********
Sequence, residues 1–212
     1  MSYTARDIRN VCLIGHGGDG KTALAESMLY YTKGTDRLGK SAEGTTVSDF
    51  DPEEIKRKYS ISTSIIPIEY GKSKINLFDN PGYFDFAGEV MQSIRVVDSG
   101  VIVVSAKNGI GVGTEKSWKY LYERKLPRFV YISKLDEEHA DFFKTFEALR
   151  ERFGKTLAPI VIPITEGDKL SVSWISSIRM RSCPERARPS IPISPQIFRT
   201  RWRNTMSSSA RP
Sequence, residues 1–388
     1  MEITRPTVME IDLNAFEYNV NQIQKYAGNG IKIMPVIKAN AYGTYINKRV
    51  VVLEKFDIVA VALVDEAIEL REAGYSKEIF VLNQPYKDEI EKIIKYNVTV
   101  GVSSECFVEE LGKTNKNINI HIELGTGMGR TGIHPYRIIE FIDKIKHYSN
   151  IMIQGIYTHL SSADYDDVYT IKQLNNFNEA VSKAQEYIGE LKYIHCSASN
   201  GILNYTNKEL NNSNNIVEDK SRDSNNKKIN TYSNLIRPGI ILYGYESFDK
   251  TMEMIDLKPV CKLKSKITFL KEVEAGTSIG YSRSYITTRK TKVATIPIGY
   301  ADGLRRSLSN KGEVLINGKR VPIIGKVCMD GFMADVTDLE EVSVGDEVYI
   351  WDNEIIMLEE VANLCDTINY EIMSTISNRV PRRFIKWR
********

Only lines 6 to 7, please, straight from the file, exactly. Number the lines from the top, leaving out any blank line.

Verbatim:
   201  RWRNTMSSSA RP
Sequence, residues 1–388